Isla Espíritu Santo is an island in the Gulf of California, off the Mexican state of Baja California Sur. It is separated from Isla Partida by a narrow canal. Together, the islands are part of La Paz Municipality and are both a short boat trip from La Paz on the Baja California Peninsula.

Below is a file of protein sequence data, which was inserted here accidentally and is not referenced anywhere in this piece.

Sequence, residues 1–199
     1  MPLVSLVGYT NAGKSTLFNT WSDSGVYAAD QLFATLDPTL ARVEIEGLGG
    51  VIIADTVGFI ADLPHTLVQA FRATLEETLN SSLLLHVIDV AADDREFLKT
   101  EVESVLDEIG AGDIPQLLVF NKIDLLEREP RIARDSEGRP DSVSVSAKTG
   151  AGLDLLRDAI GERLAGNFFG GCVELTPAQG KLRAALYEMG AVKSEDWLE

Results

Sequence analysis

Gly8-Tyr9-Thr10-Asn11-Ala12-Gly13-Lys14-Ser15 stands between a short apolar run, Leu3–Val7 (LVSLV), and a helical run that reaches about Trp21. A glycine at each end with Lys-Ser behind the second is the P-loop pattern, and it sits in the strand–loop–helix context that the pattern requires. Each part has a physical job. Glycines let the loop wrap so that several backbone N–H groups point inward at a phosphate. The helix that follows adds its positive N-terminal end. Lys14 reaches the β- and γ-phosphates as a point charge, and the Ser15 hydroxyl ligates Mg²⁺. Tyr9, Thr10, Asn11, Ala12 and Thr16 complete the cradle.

Isla San Francisco is a small island on the eastern coast of Baja California Sur. With an arc so perfect it appears manmade, Isla San Francisco has a stunningly beautiful desert beach on its south-western side. The view from the south-western shore is a protected bay with azure ocean to the front and painted mountains, stark cactus and desert all around. There are 10 species of reptile on Isla San Francisco, including the Isla San Francisco Whiptail.